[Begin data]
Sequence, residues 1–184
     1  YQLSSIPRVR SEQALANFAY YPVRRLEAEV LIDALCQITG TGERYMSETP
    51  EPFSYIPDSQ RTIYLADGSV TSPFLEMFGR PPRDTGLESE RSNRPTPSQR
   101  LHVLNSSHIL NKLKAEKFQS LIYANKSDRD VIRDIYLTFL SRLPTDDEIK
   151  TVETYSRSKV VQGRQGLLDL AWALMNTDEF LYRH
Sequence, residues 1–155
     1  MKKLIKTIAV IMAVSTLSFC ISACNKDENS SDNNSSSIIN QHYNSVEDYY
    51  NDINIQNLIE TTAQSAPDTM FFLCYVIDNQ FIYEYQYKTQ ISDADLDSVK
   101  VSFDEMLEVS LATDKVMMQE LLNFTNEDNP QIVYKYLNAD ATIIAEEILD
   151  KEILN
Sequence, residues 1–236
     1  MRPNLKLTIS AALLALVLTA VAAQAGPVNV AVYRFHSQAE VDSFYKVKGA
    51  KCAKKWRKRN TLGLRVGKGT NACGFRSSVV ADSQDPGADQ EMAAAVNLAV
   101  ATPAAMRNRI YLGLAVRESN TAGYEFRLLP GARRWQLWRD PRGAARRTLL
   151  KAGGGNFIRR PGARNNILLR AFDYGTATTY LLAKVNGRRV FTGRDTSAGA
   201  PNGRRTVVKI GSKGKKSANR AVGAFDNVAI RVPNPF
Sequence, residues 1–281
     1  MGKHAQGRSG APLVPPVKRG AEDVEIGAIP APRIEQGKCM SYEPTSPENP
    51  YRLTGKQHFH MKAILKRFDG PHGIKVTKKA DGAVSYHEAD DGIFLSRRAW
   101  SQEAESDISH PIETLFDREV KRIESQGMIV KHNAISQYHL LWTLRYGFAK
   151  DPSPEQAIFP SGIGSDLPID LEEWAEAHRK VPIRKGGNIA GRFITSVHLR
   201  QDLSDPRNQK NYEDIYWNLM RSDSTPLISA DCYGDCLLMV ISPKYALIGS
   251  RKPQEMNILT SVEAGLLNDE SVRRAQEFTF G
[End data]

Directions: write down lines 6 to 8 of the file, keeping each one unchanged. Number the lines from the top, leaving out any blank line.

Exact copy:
Sequence, residues 1–155
     1  MKKLIKTIAV IMAVSTLSFC ISACNKDENS SDNNSSSIIN QHYNSVEDYY
    51  NDINIQNLIE TTAQSAPDTM FFLCYVIDNQ FIYEYQYKTQ ISDADLDSVK